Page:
What it is
When you discover any of a variety of problems you may have with something you’re buying or selling in an online auction or marketplace, such as eBay, Gumtree or Etsy.
Once the bidding has finished you find out that there’s no way of returning the goods or having your money refunded, or you’re not properly paid for something you’ve sold.
- Check the item description carefully and ask the seller questions if you’re unsure of something.
- Know the terms and conditions of any auction website, including dispute resolution policy.
- Pay on the auction site every time and don’t click on links the seller sends to you. Never pay by money transfers; use a recognised service such as PayPal, which protects your money until you've resolved any problems with the seller.
Spot the signs
- The buyer or seller has a bad feedback history, or has only recently set up a new account to avoid a poor reputation.
- You get a private message or email offering to buy below the current bid or reserve price or to sell a similar item after an auction has ended.
- You find an expensive item for sale at an incredibly low starting bid. If an offer sounds too good to be true, then it probably is.
How it happens
Online auctions and marketplaces have become a very popular way of trading online, but fraudsters are using them to take advantage of your trust to sell poor-quality or non-existent items.
You may find that something you’ve bought online arrives late or never at all. In some cases the products you’ve paid for are less valuable than shown in the advert, different from the original description, or you weren’t told crucial information about the product or terms of the sale.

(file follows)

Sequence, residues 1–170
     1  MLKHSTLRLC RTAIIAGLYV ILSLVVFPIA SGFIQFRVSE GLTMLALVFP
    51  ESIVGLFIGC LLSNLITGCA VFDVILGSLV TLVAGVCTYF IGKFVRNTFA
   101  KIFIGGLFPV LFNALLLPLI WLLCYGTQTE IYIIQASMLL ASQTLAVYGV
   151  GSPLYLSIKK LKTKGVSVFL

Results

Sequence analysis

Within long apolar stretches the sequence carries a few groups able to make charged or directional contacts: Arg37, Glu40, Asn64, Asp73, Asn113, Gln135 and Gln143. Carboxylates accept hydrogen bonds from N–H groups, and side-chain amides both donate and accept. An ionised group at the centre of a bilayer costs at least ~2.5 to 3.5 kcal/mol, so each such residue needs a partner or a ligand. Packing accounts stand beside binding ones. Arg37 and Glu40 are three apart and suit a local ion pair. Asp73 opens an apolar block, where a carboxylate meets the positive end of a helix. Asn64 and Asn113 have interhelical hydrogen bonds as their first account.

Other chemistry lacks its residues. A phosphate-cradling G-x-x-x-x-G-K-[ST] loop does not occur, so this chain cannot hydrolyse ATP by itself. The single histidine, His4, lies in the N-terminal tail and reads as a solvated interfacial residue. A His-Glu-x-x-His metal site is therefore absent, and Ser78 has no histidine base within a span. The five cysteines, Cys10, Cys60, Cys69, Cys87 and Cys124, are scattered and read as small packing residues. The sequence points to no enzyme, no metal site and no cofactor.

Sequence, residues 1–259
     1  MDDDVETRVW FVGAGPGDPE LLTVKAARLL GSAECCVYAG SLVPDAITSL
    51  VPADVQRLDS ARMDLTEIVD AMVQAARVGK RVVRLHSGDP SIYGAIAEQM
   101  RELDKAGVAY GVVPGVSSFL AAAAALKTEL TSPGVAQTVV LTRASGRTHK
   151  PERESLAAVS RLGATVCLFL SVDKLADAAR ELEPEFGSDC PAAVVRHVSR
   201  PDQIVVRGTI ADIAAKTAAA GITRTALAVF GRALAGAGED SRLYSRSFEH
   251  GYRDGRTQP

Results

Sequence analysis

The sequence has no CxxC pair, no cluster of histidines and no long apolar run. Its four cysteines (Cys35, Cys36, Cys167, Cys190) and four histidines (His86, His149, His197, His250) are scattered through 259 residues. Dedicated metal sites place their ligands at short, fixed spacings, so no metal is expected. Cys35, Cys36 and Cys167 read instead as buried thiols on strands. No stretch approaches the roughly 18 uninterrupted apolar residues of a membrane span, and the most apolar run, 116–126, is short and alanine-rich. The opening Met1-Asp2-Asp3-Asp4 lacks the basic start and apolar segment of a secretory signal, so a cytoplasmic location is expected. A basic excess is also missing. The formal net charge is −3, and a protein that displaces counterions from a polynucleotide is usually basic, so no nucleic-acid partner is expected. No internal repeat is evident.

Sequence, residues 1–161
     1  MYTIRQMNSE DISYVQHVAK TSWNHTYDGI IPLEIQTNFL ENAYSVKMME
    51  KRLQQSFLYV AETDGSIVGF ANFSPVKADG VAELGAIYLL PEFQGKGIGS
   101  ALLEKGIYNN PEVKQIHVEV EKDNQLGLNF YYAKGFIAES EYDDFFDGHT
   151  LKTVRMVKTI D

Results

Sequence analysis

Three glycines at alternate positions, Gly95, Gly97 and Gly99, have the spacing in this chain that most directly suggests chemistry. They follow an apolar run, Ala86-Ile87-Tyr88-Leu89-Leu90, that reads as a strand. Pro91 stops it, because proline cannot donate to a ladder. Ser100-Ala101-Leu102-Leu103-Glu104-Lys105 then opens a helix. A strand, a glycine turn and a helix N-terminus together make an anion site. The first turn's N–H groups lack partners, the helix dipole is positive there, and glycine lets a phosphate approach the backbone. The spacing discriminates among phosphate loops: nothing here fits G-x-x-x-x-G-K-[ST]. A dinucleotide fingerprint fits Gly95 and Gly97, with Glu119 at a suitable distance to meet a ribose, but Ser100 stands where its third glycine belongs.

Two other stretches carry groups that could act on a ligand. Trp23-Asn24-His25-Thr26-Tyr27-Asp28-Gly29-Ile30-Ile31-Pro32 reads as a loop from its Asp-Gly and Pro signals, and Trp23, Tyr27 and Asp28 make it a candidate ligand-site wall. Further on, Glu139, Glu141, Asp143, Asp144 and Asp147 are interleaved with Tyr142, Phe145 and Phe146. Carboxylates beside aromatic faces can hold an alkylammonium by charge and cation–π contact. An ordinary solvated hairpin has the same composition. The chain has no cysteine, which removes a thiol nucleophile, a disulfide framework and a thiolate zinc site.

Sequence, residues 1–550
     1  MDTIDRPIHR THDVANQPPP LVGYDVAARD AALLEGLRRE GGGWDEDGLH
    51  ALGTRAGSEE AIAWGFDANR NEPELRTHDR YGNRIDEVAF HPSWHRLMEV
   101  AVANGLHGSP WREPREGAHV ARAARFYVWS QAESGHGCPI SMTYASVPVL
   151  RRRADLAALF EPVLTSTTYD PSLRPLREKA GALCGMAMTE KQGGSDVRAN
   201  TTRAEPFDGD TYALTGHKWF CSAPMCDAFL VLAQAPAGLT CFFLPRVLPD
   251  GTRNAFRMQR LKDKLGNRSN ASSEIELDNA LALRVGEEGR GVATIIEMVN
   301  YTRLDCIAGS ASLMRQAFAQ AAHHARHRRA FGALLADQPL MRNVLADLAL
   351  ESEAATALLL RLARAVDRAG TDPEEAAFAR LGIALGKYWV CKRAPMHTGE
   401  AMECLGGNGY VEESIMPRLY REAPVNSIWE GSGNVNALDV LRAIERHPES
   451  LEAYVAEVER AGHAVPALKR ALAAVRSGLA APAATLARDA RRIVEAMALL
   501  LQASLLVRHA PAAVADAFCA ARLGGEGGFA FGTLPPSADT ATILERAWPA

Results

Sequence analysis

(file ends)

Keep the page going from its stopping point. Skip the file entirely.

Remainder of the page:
If you’re selling, you may not be paid. The buyer will give an excuse as to why they can’t send payment and will ask you to deliver the items you’ve sold first and expect the money later.
In other cases you may be asked to give your identity details or personal financial information to an online seller who has used them to defraud you.
The seller may try to direct you to a website that looks like the auction site, but has in fact been created by the fraudster to capture your payment details for themselves. Check the URL in the web browser; a tactic often used by fraudsters is to change the address very slightly to make it look authentic at first glance (such as ‘www.ebayz.com’).
Alternatively, you may get ‘spoofed’ emails that are designed to look like they’ve been sent by the online auction or payment site you’re registered with. The emails will ask you to update your account details or re-enter them because your account has been suspended. Don’t follow links from these emails.
Be wary of accepting cheques. Even if it clears, you’re still liable if the cheque is forged or stolen. You should never accept a cheque for a higher amount than what’s due and refund the difference.
How to report it
If you’ve contacted the auction site but your dispute can’t be resolved, report it to us online or call 0300 123 2040.